To reinforce the Mediterranean diet studies, students spent a Friday afternoon (on October 8) sampling several regional olive oils to learn about quality products and their health benefits. The tasting offered four options chosen from small farms producing high-quality extra virgin olive oils, with the opportunity to learn the rich biodiversity of the Italian cultivars (different olive varieties).

Separately, yet in strict connection with the olive oil tasting experience, Chef Andrea Consoli, through his Cooking Class in Rome, brought the Roman kitchen to life for Food Studies Masters students during two lessons (on October 7 and 14) that explored local ingredients and plates from Lazio. Students worked together to prepare each segment of the meal before enjoying the fruits of their labor. Three of the Mediterranean diet principles of conviviality, cooking, and seasonality all came together during the lesson through the process of preparing and savoring a healthy, local meal in good and lively company.

As for the olive oil tasting, starting from Northern Italy, students have appreciated the brand “Roi” from Riviera Ligure which is characterized by light and floral aromas from the monocultivar taggiasca. It is ideal for tossing salads and fish-based plates. For the region of Central Italy, the Umbrian brand “Passo della Colomba”, the extra virgin olive oil called Moraiolo, is characterized by a great organoleptic value with an ample and fragrant bouquet, aromas of green tomatoes, artichoke lea, and unripe almonds. It leaves a lingering spicy sensation in the throat. As an eco-friendly km0 product, students enjoyed the local extra virgin olive oil from the Sabina area of the Lazio region by tasting “La Mola” brand. This oil has the Protected Designation of Origin (P.O.D) and is produced by using more than ten different cultivars. It is characterized by light greenish hues, with intense fruity notes of olive and fresh vegetables, a mildly bitter, spicy, and astringent taste with medium aromatic persistence. Finally, students tasted the brand “Corona delle Puglie” from the Puglia region; the monocultivar coratina provides strong and intense aromas, with bitter and spicy sensations. Excellent for complex and gourmet dishes.

Students learned the proper process for tasting by first covering the cup to create warmth, before sipping, sucking in oxygen, and swirling the oil around the mouth. Olive oil is considered an elixir of health and central to the Mediterranean diet. Extra virgin olive oil is composed of 99% monounsaturated fats (mainly oleic acid) known to have health benefits by reducing bad cholesterol, glucose, free radicals, and pro-inflammatory mediators in the blood. The remaining minor component of 1% includes bioactive compounds such as vitamin A, sterols, and the precious polyphenol compounds, responsible for the bitterness and the spiciness in the throat that are actually an indication of a high-quality product. Polyphenols are well documented as being potent anti-cancer, anti-aging, and generally preventative against cardiovascular diseases and type 2 diabetes. The specific processing of the oil, through a procedure called “estratto freddo,” preserves the antioxidants and anti-cancer components. It is no wonder that the product is ubiquitous in Italy, as well as around the world.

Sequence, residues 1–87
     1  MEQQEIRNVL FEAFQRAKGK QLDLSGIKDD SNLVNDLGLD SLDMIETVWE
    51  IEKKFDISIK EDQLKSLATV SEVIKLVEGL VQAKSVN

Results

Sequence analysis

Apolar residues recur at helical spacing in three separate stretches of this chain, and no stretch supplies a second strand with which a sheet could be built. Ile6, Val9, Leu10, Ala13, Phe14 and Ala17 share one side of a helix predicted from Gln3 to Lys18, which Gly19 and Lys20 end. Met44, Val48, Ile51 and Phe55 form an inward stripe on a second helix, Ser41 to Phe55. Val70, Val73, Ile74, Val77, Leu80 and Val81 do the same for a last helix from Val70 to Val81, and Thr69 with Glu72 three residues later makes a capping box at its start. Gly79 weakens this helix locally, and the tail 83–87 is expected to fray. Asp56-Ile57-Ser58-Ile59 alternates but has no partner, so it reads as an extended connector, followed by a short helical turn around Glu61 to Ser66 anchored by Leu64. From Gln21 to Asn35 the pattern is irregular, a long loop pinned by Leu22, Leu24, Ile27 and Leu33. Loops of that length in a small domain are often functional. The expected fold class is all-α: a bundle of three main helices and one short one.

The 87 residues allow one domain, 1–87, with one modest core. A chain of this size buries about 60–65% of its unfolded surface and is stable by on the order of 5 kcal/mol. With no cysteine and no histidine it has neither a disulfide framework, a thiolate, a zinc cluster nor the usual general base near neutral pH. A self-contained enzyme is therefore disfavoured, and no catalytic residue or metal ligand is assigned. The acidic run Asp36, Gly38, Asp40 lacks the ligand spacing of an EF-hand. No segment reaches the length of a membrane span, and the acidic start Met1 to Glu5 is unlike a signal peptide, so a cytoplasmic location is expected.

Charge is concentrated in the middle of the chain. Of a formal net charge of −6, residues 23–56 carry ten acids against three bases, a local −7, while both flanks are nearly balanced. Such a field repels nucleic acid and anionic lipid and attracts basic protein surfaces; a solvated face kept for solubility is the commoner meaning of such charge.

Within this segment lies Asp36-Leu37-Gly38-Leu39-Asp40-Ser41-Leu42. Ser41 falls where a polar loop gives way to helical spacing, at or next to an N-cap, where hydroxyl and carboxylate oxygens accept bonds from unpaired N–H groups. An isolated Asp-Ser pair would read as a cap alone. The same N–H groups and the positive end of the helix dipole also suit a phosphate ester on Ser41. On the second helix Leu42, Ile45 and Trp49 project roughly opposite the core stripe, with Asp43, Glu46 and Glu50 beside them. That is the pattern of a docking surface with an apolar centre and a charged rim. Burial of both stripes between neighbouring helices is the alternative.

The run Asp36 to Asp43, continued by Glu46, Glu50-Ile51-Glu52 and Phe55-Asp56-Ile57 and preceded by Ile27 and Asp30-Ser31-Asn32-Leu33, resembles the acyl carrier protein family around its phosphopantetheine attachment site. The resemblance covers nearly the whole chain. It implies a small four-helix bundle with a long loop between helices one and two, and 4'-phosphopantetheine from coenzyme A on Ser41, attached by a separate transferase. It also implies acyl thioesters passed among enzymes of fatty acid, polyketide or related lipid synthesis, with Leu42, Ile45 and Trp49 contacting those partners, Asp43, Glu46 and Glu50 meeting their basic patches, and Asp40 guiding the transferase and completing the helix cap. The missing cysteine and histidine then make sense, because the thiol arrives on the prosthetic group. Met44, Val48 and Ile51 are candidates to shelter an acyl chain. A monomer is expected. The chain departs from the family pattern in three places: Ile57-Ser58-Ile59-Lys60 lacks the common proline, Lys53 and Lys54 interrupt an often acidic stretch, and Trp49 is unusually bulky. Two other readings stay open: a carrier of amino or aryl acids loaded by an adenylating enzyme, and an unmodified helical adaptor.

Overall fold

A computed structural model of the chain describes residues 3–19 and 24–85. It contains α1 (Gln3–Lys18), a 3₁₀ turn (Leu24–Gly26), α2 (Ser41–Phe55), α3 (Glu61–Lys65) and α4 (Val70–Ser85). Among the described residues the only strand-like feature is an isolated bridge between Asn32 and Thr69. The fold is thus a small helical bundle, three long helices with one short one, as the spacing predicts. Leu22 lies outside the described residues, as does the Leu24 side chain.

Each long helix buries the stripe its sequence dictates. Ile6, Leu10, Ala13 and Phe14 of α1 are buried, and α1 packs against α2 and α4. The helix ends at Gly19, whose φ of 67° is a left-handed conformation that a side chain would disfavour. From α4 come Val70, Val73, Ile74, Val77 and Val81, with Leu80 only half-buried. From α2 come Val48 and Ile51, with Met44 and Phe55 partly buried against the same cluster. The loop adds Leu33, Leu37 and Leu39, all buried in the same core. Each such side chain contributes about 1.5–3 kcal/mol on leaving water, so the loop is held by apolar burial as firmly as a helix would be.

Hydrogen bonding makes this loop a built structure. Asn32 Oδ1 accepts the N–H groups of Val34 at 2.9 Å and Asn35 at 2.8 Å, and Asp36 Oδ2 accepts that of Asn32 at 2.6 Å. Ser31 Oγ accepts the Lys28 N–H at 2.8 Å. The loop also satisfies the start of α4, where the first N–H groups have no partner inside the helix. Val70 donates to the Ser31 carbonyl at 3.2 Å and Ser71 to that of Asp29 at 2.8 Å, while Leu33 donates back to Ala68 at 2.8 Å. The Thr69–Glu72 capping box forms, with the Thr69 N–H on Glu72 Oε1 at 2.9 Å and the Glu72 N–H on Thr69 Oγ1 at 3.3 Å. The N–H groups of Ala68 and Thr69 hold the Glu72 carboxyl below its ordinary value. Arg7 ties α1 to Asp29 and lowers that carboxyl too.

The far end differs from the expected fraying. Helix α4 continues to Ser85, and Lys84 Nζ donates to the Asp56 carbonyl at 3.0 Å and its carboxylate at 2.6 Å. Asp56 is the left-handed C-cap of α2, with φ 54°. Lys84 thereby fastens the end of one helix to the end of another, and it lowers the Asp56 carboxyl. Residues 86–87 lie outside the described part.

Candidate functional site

During the two cooking classes, Chef Andrea celebrated fresh vegetables and homemade pasta to create an entirely vegetarian menu; but he argued that the most important ingredient was love. Half the class focused solely on the pasta-making process, which required careful attention and delicate handwork, despite using the simplest of ingredients—flour and eggs. Once the dough was prepared, they rotated pressing it through a crank before using the chitarra to make fettuccine. The melody of the instrument added a magical element to the creation of the pasta strands as they fell through the strings into a hollow catch below the contraption.


Cooking class at The American University of Rome
Student preparing food at stove
Two students preparing Italian food
Healthy Mediterranean diet


The other half worked to prepare the remaining plates—and the chaos of clanking, frying, and chopping provided a welcome antithesis to the meditative and repetitive pasta-making process. The final menu included verdure fritte and bruschetta to begin, followed by a course of two kinds of pasta—the homemade fettuccine with a light pomodoro sauce, and rigatoni with pumpkin. Andrea explained the importance of pairing the pasta shape with an appropriate sauce: tubed or lined pasta better withstand heavier sauces and thus enhance the flavors. Tiramisù rounded out the meal to end on a sweet note. 

Michaela Colangelo
Graduate Student Assistant